But He knows that when the rain comes, we will be standing firm through the storm, because He has pressed all the weakness from around us in His time.
We can feel like there are pests and enemies scurrying through our life and taking all the things we need from us, like those bugs in the dirt. But God has a system all worked out. And once again, it's so very good. He uses ALL things- even the things like those pesky bugs, the scary bugs, the harmful ones- to make us into something even more beautiful.
And He sits back, like any good gardener would, and He admires His creation, and He waits for us to grow and produce much fruit.
Maybe you're lacking fruit today. Things like love and joy and peace. They're all things that He plants within us when we give ourselves to Him. If we are lacking in any of these areas, we've not fully allowed Him to work in us. Allow Him to prune you. I know I need to allow more always. Allow Him to press you. Allow Him to dump His word on you and make you lack no good thing.
Maybe you're dry. Drink up. He made water come from the rock for the Israelites. He will certainly shower down rains of refreshing on you in seasons of drought. He sees and He knows and He is not far off, as high and lofty as He is. He is good.
Maybe you're being pressed on all sides. Maybe like me, you're being pulled and prodded and adjusted and bruised, wondering if it will ever end. But friend, we are just being planted, that we might be able to weather the storms of life when they come. He won't allow us to become uprooted, if we allow Him to have His perfect and complete work in us. Oh God, complete Your work in me.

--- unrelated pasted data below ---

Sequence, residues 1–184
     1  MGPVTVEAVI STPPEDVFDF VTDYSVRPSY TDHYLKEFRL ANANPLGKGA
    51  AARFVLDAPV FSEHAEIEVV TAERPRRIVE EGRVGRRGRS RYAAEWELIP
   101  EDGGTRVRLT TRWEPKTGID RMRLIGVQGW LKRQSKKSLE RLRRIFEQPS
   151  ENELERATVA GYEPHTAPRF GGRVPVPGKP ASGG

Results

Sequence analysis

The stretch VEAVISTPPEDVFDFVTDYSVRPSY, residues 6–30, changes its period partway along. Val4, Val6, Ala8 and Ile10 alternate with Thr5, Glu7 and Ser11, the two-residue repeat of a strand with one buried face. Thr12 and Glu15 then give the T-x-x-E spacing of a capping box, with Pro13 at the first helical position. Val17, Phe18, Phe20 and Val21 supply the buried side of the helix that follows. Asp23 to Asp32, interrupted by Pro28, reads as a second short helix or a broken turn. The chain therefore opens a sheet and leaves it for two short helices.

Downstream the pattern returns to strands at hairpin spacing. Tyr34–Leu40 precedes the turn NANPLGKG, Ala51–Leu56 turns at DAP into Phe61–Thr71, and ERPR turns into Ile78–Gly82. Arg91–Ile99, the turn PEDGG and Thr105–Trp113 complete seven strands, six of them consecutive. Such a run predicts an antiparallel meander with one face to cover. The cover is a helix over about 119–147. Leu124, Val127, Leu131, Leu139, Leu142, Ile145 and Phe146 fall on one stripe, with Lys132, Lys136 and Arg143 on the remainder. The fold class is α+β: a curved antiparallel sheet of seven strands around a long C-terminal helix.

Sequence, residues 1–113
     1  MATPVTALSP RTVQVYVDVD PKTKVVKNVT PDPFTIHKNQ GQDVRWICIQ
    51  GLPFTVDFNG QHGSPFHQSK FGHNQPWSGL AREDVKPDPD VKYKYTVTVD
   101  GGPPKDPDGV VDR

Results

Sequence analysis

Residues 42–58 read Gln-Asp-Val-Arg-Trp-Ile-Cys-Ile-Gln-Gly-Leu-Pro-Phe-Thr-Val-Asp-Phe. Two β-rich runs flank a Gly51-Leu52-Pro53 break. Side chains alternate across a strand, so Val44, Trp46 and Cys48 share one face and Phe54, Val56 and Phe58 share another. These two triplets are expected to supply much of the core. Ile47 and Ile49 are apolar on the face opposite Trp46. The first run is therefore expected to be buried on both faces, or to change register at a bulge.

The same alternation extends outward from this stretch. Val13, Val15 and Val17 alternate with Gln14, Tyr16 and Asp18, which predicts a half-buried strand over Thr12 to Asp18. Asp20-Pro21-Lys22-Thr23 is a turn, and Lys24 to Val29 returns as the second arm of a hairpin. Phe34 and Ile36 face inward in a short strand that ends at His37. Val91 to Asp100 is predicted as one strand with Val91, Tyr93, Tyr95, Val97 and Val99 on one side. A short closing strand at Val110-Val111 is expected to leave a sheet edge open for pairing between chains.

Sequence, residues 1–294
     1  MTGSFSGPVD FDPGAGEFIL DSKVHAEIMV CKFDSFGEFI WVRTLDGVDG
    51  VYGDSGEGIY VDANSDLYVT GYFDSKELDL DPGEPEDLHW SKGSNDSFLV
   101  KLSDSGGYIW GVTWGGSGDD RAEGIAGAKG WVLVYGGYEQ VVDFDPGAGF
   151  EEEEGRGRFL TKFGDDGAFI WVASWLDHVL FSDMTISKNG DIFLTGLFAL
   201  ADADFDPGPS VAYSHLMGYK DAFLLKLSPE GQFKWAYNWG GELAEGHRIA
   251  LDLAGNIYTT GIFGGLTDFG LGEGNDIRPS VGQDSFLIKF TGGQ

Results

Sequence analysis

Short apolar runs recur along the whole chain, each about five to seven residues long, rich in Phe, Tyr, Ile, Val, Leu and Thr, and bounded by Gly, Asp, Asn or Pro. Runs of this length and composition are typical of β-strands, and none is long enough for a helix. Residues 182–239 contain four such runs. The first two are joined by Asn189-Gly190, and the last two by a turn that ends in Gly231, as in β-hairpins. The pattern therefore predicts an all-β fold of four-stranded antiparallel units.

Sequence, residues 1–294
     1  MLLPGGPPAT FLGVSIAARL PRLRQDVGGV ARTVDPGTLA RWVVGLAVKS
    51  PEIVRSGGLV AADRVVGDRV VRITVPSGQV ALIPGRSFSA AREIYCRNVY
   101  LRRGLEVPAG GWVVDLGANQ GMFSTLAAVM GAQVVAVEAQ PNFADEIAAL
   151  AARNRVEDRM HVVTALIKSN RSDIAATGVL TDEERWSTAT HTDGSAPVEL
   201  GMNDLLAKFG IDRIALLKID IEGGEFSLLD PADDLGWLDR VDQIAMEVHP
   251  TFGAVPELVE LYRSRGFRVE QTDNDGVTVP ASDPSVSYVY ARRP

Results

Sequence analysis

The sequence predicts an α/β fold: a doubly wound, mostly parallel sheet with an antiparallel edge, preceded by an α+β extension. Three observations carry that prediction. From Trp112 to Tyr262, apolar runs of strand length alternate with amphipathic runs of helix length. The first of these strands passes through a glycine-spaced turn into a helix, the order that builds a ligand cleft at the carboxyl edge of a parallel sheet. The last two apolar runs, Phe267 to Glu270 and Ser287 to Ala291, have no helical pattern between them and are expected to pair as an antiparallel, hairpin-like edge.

Only when we deny His Lordship and resist His work do we spread across the pavement in the midst of adversity. Like mulch that's good for nothing and wasted after a heavy rain. It's swept from the walk-ways, and pushed down into a gutter and forgotten. Heaven help me never deny You, Jesus.
He is the Master gardener, and His investment is much more steep than that of a measly gift card at Lowe's. He gave flesh and blood for you and I, and sent His son to pay the price for our freedom, that we could be planted and bloom in His garden. That one day, the world would see such beauty and smell such fragrant scents that they'd stop and take notice of His work, and His workmanship, and give honor and glory to the One who is worthy of it all.
Thank God He is so good! He has a plan. He is working it out in you- and certainly in me. We are nothing more than dirt. Piles and piles of filthy dirt. But with Him- and only with Him- can we produce something more and of worth, like the flowers sitting outside of my house. One day, we will return to dirt. And the only things we will have to show for our lives, are the things we allowed Him to grow in us. Allow Him. He wants to. So allow Him. If you're reading this: allow Him. If you're typing this: allow Him (that's me!). We all need to allow Him His way, because it's so, so, so very good.
“I am the Real Vine and my Father is the Farmer. He cuts off every branch of me that doesn’t bear grapes. And every branch that is grape-bearing he prunes back so it will bear even more. You are already pruned back by the message I have spoken.
"Live in me. Make your home in me just as I do in you. In the same way that a branch can’t bear grapes by itself but only by being joined to the vine, you can’t bear fruit unless you are joined with me.
“I am the Vine, you are the branches. When you’re joined with me and I with you, the relation intimate and organic, the harvest is sure to be abundant. Separated, you can’t produce a thing. Anyone who separates from me is deadwood, gathered up and thrown on the bonfire. But if you make yourselves at home with me and my words are at home in you, you can be sure that whatever you ask will be listened to and acted upon. This is how my Father shows who he is—when you produce grapes, when you mature as my disciples....“I’ve told you these things for a purpose: that my joy might be your joy, and your joy complete....You didn’t choose me, remember; I chose you, and put you in the world to bear fruit, fruit that won’t spoil." -Portions of John 15